Majority of Lithuanian-Americans disappointed with Grybauskaite

  • 2011-06-08
  • Interview by Linas Jegelevicius

The Lithuanian World Community (LWC)  is a non-governmental and non-profit organization established in 1949 that unifies Lithuanian communities abroad. Since 2006, it has been chaired by Lithuanian emigre Regina Narusiene. Having emigrated to the U.S., she obtained a degree in political science at Illinois University in 1957, and later she became a law professor. Her established law firm, Narusis and Narusis, became a prosperous law establishment, revealing the emigre’s entrepreneurial skills. When Sajudis, the Lithuanian National Movement for Lithuania’s independence, started in 1988, Narusiene became actively involved in activities of the American Lithuanian Community. Thus, in 1991, she established the American Lithuanians’ Association of Lawyers; later her husband and she organized two consecutive World Lithuanian Lawyer Congresses in Vilnius, Lithuania. Her LWC chairwomanship has been marked by robustness and strong involvement in the Lithuanian cause. Regina Narusiene kindly agreed to answer The Baltic Times’ questions.

Do you feel more American or Lithuanian?
Lithuanian. I was born in Lithuania. I am a citizen of Lithuania and also a citizen of the United States.

How do Lithuanian emigre communities live today? What are their specifics in the U.S., Oceania, Western Europe, Canada and the former USSR republics?
The Lithuanian World Community consists of 41 Communities worldwide. They are all different, as are their respective needs. There are about one million Lithuanian-descent persons in the U.S., the largest of the diaspora Communities. There are basically three groups of Lithuanian emigres: the first having arrived over 100 years ago, the Second World War emigres - displaced persons - and the new emigres since the reestablishment of Lithuania’s independence. Though they may be somewhat different, all strive to maintain their Lithuanian heritage in one way or another and are pretty self-sufficient.

Lithuanian emigres to Western Europe are predominately new emigres; however, there are active Lithuanian Communities in Germany, France, Switzerland, and Britain that have existed for some time and long before 1990. Canada has a large community of Lithuanians that has existed long before 1990 and is self-sufficient. South American Lithuanians formed their Community during the Czar’s time, some 100 years ago. Their descendants are now involved in the Community and are active. The former USSR republics are different again, for they lived through the Soviet occupation. Some are now living in newly established democratic countries, while others still live in some type of dictatorship. Australia has mostly the Second World War refugees and is still active, but has very few new emigres. They all wish to maintain their ties with Lithuania, for that is their identity, in whatever form possible. We have mainly three goals: first, to maintain our heritage; second, to seek unity; third, to participate in the creation of Lithuania’s future.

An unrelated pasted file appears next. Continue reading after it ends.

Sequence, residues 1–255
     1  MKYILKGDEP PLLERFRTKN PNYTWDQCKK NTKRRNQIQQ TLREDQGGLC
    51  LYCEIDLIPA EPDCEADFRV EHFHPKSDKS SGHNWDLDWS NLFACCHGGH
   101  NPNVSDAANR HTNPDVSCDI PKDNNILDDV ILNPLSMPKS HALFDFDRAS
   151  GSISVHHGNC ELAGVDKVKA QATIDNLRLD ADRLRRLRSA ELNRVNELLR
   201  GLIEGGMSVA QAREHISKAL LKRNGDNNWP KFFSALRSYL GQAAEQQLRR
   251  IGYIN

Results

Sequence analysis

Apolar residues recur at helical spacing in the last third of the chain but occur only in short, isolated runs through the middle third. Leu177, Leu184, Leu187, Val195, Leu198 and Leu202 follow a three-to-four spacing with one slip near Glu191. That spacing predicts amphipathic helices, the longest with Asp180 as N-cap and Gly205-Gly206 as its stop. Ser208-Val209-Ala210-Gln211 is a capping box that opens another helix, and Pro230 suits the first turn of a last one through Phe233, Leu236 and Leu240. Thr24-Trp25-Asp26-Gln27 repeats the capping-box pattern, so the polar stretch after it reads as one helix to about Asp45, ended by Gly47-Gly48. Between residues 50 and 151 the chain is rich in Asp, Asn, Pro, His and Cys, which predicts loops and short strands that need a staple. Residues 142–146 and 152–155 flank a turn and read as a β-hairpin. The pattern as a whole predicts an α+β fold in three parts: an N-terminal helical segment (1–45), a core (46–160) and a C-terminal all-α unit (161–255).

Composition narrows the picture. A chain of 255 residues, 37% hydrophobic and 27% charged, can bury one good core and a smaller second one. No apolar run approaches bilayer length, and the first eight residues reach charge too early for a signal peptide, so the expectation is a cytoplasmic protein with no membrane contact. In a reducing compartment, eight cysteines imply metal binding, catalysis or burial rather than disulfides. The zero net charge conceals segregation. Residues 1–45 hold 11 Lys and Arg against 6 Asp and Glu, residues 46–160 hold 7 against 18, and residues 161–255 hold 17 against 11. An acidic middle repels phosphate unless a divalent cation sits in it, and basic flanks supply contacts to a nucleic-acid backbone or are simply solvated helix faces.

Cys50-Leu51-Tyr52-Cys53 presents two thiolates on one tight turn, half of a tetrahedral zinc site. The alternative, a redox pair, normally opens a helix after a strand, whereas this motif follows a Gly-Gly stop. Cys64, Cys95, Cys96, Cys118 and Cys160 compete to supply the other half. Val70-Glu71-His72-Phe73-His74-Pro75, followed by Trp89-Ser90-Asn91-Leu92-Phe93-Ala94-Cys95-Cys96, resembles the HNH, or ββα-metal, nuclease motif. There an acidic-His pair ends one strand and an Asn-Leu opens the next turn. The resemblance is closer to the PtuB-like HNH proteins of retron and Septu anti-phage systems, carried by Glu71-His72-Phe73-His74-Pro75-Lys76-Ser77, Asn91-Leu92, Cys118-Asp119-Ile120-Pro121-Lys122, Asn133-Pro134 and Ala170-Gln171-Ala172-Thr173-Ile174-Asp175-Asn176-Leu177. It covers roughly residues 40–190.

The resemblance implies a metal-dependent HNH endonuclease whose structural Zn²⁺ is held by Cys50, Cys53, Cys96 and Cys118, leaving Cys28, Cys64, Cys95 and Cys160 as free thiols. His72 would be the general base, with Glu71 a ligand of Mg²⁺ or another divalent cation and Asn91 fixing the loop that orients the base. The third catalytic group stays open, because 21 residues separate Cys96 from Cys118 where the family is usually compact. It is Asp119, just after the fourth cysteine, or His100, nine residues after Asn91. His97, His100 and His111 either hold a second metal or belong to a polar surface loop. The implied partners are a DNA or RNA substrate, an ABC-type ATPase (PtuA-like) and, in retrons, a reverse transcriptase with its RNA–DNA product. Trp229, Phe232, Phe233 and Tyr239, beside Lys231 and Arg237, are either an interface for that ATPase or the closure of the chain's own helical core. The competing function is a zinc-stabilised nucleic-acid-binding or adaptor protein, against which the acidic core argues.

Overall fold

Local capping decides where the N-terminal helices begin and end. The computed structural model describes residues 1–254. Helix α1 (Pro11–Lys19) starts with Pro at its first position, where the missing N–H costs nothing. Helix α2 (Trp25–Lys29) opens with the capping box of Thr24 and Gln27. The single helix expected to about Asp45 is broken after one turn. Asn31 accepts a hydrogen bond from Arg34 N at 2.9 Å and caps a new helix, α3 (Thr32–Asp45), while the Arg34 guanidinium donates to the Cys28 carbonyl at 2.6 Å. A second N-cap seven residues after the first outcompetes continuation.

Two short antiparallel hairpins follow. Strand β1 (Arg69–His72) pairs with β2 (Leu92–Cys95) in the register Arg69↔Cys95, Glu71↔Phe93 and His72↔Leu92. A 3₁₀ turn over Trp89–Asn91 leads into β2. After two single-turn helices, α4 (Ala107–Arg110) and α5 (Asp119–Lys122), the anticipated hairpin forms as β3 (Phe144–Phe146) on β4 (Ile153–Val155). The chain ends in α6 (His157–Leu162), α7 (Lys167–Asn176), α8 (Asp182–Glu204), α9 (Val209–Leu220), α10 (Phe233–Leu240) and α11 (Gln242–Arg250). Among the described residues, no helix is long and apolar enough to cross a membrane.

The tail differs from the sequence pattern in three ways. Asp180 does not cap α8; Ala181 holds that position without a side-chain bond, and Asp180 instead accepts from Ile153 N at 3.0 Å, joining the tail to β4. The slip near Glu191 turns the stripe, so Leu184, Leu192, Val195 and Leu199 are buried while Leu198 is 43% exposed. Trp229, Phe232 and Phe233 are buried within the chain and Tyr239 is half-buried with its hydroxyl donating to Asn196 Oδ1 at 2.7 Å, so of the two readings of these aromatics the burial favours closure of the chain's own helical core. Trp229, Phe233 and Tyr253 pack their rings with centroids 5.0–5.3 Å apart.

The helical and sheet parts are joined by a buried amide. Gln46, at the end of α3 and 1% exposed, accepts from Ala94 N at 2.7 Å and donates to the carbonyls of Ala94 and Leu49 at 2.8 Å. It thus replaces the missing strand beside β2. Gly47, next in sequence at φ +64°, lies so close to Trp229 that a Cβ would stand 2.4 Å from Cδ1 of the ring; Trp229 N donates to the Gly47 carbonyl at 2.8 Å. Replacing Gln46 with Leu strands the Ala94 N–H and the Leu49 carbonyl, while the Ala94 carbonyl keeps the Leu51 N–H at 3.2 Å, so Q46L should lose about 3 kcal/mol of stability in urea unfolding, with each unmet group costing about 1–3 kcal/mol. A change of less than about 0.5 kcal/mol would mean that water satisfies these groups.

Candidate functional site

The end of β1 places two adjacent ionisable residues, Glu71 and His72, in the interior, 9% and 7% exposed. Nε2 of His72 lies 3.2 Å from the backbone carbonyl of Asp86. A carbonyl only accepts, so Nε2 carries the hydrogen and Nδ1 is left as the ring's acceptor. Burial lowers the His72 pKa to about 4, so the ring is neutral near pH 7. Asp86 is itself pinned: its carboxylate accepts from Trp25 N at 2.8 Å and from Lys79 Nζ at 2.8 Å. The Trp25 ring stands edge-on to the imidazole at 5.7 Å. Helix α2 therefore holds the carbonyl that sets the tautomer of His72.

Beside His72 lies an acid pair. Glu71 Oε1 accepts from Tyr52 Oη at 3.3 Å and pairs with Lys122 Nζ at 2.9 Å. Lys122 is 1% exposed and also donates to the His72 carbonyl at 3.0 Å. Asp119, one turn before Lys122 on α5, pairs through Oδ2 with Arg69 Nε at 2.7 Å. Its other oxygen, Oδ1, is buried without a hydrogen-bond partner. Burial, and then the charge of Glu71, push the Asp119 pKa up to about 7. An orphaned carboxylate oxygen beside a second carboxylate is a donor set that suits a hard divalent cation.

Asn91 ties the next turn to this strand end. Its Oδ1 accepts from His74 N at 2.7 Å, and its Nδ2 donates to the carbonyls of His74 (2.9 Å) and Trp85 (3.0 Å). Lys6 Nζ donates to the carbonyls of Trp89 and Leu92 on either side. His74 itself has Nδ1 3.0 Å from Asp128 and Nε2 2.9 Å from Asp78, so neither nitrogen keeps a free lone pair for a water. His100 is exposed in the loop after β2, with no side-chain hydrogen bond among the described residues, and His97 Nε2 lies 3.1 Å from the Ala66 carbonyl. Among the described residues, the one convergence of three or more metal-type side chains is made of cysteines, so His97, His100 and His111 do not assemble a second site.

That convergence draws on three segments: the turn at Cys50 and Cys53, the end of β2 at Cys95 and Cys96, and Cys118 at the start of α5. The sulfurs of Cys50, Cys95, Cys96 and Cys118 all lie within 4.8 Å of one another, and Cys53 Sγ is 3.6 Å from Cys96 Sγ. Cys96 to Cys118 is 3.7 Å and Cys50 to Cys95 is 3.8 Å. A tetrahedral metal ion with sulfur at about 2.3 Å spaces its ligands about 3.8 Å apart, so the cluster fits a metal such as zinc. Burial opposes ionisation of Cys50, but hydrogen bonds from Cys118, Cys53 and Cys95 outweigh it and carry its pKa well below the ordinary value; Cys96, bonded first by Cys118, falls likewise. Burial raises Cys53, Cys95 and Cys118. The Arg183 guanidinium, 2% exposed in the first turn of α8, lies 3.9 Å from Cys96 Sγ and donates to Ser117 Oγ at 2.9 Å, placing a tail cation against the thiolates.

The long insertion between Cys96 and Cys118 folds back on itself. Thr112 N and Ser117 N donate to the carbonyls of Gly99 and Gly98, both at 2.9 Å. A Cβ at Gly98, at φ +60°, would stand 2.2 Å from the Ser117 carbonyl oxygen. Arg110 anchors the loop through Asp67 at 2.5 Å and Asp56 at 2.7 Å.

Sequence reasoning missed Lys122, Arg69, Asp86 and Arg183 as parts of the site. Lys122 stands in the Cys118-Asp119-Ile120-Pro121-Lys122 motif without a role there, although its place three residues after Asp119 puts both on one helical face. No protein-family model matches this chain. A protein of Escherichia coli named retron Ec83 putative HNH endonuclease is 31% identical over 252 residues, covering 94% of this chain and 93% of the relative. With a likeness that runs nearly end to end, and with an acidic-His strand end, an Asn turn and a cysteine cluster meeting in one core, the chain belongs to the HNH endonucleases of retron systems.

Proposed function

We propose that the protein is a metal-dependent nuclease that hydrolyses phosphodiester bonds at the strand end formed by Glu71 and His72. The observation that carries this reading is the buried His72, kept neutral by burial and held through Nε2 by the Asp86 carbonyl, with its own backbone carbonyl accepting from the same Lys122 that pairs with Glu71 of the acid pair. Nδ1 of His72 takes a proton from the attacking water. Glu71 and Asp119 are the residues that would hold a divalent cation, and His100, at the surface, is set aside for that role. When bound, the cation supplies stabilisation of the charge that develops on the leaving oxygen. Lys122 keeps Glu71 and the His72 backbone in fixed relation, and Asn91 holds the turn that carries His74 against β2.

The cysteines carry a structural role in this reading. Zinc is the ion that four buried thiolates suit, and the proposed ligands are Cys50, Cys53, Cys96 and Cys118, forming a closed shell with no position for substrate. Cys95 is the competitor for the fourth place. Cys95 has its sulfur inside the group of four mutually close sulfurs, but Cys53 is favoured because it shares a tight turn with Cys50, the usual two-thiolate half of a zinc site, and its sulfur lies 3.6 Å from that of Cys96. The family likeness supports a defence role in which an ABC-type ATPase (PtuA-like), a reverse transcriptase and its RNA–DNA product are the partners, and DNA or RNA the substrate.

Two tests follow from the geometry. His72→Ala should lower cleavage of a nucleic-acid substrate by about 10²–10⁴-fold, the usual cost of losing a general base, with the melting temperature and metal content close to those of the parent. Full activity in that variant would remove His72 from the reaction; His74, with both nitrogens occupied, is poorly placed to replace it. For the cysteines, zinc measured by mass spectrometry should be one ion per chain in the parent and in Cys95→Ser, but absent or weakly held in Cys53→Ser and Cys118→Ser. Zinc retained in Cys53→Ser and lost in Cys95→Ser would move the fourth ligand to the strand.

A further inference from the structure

We have worked hard to find meaningful ways to become a part of Lithuania. We have two working commissions with the Lithuanian government, one with the Parliament and the other with the executive branch, the government. What is worrying us the most is the dual citizenship issue for the new emigres.
No one doubts the LWC played a major role in the re-establishment of Lithuanian independence in 1990.  However, many analysts believe that after the restoration of independence the Community’s importance is consistently dwindling? Do you share the notion?
I do not think it is dwindling; however, our role has changed, as have our goals. We need to adjust to that change in our relationship.

How did the goals change after 1990?
Collaboration can have different meanings. Our private ties with the country after independence never diminished, but, in fact, intensified. Economic ties are different. A great deal of money is sent to Lithuania by Lithuanians abroad, especially to their family and friends. I believe an amount equal to about 20 percent of Lithuania’s annual national budget. Some firms have located in Lithuania, but Lithuania has to maintain an inviting environment for investment, which they are developing. Cultural collaboration, however, I admit, has been weak. There is a Lithuanian opera in Chicago that has been collaborating with the Lithuanian National Opera and Ballet Theater. We have participated in the Dance Festivals in Lithuania and sent works of art to Lithuania. Some of the entertainers from Lithuania have come to us to entertain, but working out joint programs has been difficult.

According to WikiLeaks’ leaked information, Lithuanian President Grybauskaite is supposedly “disappointed by Lithuanian emigres’ inability to attract U.S.-based investments to Lithuania.” How do you comment on that?
The Lithuanians abroad have brought many investments to Lithuania. However, I want to emphasize, Lithuania has been having a difficult time setting an investment climate competitive with other countries.

Also, according to WikiLeaks, Grybauskaite emphasizes that most prominent U.S. Lithuanian emigres, instead of focusing on developing U.S.-Lithuanian business ties, prefer providing political advice to the Lithuanian authorities, which may not be that necessary nowadays.
It depends on how you define political advice. Lithuania has come a long way and has much to be proud of, but still needs help. There are experts abroad who would be willing to help, but they need to be asked and appreciated.

How do you see the current collaboration between the LWC and the Lithuanian authorities? What hampers it?